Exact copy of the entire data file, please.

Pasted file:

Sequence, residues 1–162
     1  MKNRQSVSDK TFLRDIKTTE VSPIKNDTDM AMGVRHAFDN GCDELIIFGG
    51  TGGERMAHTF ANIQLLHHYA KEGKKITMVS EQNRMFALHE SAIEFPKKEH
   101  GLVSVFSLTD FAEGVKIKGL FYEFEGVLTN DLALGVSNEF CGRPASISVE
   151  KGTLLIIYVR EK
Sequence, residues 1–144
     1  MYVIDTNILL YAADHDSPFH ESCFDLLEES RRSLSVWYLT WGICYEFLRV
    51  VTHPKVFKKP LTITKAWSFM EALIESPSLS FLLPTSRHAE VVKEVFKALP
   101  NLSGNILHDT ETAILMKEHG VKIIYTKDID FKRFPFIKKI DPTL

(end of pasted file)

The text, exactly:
Sequence, residues 1–162
     1  MKNRQSVSDK TFLRDIKTTE VSPIKNDTDM AMGVRHAFDN GCDELIIFGG
    51  TGGERMAHTF ANIQLLHHYA KEGKKITMVS EQNRMFALHE SAIEFPKKEH
   101  GLVSVFSLTD FAEGVKIKGL FYEFEGVLTN DLALGVSNEF CGRPASISVE
   151  KGTLLIIYVR EK
Sequence, residues 1–144
     1  MYVIDTNILL YAADHDSPFH ESCFDLLEES RRSLSVWYLT WGICYEFLRV
    51  VTHPKVFKKP LTITKAWSFM EALIESPSLS FLLPTSRHAE VVKEVFKALP
   101  NLSGNILHDT ETAILMKEHG VKIIYTKDID FKRFPFIKKI DPTL